Archive for the 'javascript' Category

Optimizing Autocomplete by Utilizing Browser Cache

Monday, March 29th, 2010

Say you have a snazzy AJAXified autocomplete field that gives instantaneous feedback to the user as she types — perhaps a username field on a signup form or something akin to Google Suggest. Except, it’s not performing as well as you thought it should. That round trip to the server for each character is taking too long.

The first thing you should do is to see if HTTP Keep-Alive is supported by your server.

Second, and this may seem obvious, but I’ve seen too many developers forget to leave a hint to the browser to cache the results. As a result, the page becomes sluggish due to a feature that’s meant to be responsive.

See what happens behind the scene when you sign up for a new Twitter account. Suppose you try to register the username “wil”, but it’s taken. For each character you type, the browser makes HTTP requests to check that the username in the input field to see if it’s available.

So that’s one for “w”, “wi”, “wil”. Then you find that all 3 are taken. Ok, perhaps time to add a numeric suffix? “wil1″ – nope, delete the “1”, and we’re back to “wil” again. Guess what? Another HTTP request is sent to Twitter for the same string “wil”!

Had Twitter set an “Expires” header to usernames that are taken, the browser wouldn’t have had to make that round trip!

Below are the headers sent by Twitter for the URI (courtesy of Hurl):

In the case of signup forms, usernames are rather involatile pieces of data, so it’s a prime optimization target. As your namespace becomes more scarce, you’ll tend to have people trying more strange combinations, increasing the number of requests to your servers.

In my case, I’ve applied it to our TLD management platform. Domain names that are registered gets a 10 minute cache timeout value (which is heaps short but good enough to ensure a snappy UI operations). However, with domain names, it’s a lot more volatile but we’re not guaranteeing success at the point of registering a name so anywhere between 1-5 minutes is usually sufficient.

A simple view snippet in Django does the trick and goes a long way to making your users happy.

/ Blogging from a HSDPA connection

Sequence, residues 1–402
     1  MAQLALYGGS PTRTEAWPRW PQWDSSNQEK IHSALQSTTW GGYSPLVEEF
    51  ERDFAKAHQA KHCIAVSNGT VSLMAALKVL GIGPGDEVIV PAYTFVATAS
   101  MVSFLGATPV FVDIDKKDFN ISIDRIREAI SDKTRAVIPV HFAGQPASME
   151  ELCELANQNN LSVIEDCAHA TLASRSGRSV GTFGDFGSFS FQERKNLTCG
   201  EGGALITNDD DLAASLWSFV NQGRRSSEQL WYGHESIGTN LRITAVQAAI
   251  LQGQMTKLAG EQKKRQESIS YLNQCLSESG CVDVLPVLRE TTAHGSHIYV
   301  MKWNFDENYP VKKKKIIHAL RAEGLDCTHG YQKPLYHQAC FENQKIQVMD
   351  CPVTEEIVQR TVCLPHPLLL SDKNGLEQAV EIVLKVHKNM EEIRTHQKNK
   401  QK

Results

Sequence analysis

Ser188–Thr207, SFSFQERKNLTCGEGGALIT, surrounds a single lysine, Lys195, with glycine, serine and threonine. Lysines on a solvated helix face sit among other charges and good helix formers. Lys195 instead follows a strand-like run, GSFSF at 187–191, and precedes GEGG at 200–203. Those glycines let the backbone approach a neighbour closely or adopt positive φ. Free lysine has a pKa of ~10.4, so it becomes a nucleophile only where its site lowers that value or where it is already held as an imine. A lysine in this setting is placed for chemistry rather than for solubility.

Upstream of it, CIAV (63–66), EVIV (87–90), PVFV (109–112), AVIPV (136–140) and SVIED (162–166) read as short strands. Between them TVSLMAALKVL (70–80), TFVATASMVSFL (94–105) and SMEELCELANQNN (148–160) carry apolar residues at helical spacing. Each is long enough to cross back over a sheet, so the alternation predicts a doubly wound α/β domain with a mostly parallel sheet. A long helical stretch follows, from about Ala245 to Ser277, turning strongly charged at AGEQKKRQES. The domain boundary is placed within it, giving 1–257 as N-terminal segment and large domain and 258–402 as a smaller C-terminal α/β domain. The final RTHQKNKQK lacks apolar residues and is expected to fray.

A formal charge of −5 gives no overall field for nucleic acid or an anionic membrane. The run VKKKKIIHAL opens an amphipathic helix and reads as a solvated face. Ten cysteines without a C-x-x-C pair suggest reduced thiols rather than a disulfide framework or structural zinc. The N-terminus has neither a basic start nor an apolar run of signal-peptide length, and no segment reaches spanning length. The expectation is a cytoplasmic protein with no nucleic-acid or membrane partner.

GearSaver Bookmarklet

Sunday, July 29th, 2007

Google Gears is one of the most exciting technologies to be released IMO. It will push the web 2.0 envelope further and bring interactive web applications to the next level — offline! Well, not just offline, the whole point is that you can design your application synchronization strategy.

I’ve been experimenting with it a bit and it’s surprisingly (Javascript) developer friendly. The end product is a bookmarklet I call GearSaver. It’s really a shell that injects the gearsaver.js script hosted on my server into the current page that you’re viewing. It saves all your textareas (be it a blog post or wiki page that you’re editing, any multi-line text box in a form) into Gears.

This is pre-pre-pre alpha and is only a proof-of-concept, I haven’t tested it in IE and there isn’t a way to view the saved results yet. You can, however, use the DB query tool included in the gears samples and select the textarea table in the gearsaver database.

This is personally very useful to me because many a time I’ve lost valuable work in a textarea upon submitting a page and the network goes down. What this does is that it saves a version of each textarea found on the page, indexed by the URL and its xpath. It is also timestamped. My next enhancement would be to have a pull-down menu on each textarea to allow you to revert to older versions.

Without further ado:

Add the following bookmark and use it on any page: Launch GearSaver

Updated 20080812: bookmarklet to use version 0.4.